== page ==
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Investigation of Nov. 7 shooting is still ongoing

November 14, 2011

By COLLEEN MCCARTHY
sdnedu@bellsouth.net

Officers with the Department of Wildlife, Fisheries and Parks are still in the process of investigating a shooting that left one Starkville city official in serious condition with a gunshot wound to the pelvis over a week ago.
According to investigators, Ken Honeycutt, city building inspector, was hunting with Jeff Lyles, city code enforcement officer, during the evening of Monday, Nov. 7 in Choctaw County.
Jim Walker, public information director of the Department of Wildlife, Fisheries and Parks, said Lyles shot at the silhouette of what he thought was a deer, hitting Honeycutt in the pelvic region. Lyles transported Honeycutt to OCH Regional Medical Center but he was later transferred to Jackson for further treatment.
“We are still doing our investigation and one of the most important parts of our investigation is to interview the victim. As of today, we have been unable to do that,” Walker said. “We understand that his condition is very serious, though we do not know the exact details.”
Melanie Honeycutt, a spokesperson for the family, said Honeycutt is in critical but stable condition at University Medical Center in Jackson. Though there was some concern that he would lose his leg as a result of his injuries, she said that is no longer a concern but he will likely require extensive orthopedic work.
“We didn’t expect him to make it Monday night when we arrived at University Medical,” she said. “We are very thankful for all the medical staff and their efforts.”
A blood drive will be held in Honeycutt’s honor at the Starkville Sportsplex on Nov. 21 and 22.
Walker said investigators are going through with the rest of the investigation, including collecting evidence at the scene and attempting to recreate the scene.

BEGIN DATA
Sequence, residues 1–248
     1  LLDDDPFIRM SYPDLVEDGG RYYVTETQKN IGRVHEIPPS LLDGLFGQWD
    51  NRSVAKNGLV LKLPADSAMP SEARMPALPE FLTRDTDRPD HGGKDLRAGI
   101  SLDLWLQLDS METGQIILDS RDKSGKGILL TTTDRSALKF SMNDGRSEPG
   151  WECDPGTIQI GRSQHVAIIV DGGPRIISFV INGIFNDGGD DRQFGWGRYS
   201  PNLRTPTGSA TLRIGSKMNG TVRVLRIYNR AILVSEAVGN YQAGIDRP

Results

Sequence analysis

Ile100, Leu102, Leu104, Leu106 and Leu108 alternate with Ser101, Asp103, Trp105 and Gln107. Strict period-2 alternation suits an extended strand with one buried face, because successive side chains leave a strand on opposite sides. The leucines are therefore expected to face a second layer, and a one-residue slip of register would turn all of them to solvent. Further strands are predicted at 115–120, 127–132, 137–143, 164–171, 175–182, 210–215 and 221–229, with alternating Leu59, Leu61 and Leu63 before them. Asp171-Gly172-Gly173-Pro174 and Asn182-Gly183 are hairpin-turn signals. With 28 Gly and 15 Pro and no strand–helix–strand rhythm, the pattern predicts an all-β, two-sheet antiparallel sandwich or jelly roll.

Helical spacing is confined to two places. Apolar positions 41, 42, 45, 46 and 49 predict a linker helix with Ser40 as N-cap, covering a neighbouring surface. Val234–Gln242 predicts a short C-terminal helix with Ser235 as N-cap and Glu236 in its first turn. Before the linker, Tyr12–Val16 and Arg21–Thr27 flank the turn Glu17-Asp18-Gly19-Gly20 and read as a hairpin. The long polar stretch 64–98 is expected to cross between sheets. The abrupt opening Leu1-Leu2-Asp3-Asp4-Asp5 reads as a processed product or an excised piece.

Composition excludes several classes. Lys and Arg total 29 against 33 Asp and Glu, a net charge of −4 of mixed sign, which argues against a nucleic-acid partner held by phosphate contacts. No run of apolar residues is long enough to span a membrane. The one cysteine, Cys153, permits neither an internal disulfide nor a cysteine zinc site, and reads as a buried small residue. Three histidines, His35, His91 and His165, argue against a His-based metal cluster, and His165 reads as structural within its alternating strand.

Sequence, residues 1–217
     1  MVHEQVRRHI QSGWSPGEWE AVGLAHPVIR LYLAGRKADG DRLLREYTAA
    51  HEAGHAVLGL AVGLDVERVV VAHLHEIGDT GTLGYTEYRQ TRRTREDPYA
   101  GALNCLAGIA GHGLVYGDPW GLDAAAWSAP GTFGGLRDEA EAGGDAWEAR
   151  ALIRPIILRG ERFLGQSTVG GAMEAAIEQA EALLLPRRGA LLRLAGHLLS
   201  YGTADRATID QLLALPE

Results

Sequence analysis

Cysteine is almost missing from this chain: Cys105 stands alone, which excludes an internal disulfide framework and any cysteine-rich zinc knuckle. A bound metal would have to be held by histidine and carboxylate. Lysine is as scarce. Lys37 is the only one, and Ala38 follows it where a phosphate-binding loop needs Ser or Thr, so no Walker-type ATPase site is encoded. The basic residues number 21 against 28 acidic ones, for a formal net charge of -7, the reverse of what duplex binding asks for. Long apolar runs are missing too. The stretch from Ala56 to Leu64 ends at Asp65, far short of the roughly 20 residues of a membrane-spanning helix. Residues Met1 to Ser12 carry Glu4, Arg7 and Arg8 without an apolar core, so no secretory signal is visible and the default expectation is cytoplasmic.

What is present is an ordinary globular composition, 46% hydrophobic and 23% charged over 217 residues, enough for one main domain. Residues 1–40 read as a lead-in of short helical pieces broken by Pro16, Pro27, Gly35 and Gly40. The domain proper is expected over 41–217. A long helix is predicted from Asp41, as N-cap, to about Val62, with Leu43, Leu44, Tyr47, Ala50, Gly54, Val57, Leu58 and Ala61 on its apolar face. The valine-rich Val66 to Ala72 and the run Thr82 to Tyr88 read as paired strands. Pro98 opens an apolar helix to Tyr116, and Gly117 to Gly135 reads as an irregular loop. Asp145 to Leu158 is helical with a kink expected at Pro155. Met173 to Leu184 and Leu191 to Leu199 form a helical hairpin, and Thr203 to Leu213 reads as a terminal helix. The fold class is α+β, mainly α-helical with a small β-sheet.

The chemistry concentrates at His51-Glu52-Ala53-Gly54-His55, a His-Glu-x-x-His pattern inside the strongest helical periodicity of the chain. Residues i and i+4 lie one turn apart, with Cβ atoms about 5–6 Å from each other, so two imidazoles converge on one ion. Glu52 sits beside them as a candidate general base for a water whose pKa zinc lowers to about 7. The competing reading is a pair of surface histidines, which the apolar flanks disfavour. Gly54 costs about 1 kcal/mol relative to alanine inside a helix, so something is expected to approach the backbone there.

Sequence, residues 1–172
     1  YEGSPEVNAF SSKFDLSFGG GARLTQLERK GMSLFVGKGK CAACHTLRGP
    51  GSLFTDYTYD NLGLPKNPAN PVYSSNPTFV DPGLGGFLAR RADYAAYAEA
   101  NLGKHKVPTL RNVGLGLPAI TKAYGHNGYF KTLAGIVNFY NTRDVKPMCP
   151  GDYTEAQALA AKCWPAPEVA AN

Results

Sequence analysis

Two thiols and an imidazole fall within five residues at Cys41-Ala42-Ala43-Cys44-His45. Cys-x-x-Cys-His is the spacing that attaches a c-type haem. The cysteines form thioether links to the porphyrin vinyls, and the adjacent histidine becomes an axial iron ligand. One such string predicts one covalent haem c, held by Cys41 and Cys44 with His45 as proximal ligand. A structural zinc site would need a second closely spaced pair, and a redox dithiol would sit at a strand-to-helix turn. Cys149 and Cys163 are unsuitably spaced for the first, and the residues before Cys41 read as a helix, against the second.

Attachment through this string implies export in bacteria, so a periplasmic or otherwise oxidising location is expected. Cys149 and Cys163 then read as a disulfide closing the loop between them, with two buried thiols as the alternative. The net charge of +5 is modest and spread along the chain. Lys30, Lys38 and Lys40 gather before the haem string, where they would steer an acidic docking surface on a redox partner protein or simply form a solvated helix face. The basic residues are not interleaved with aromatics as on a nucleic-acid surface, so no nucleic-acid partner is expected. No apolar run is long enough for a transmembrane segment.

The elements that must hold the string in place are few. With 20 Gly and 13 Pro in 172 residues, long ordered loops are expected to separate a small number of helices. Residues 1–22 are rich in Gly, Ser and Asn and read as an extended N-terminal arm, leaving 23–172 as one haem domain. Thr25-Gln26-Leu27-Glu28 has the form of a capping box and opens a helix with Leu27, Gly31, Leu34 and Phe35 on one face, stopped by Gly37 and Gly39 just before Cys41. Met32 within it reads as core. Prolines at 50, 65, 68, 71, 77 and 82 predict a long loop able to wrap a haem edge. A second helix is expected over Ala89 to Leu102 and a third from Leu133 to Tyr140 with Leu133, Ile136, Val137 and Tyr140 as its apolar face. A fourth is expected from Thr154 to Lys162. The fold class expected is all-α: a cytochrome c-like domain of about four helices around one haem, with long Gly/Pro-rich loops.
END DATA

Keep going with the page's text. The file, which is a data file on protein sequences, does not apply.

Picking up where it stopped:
“We’re going to discover what happened and why it happened,” he said.
Walker said that although the investigation is still ongoing, it is likely charges will be filed. He could not confirm whether charges would be brought against both men or just Lyles in connection with the incident.
He said the gun Lyles was using that evening was a rifle and was not a legal caliber for the season.
“During a primitive weapons season, you are limited to the type of weapon you can use,” Walker said. “The weapon he was using was not a legal weapon.”
“Primitive firearms” are defined by the Department of Wildlife, Fisheries and Parks as single- or double-barreled muzzle-loading rifles of at least .38 caliber; single shot, breech loading, cartridge rifles that are .35 caliber or larger and replicas, reproductions or reintroductions of those rifles; and single- or double-barreled muzzle-loading shotguns with single ball or slug.
Walker also said investigators believe the men were hunting after hours. Legal hunting hours in Mississippi are half an hour before sunrise to half an hour after sunset.
“It appears that it was late in the evening. It will be determined during the investigation if it was after legal shooting hours,” Walker said. “Those charges are pending, and hunting after hours is just one of the possible charges.”

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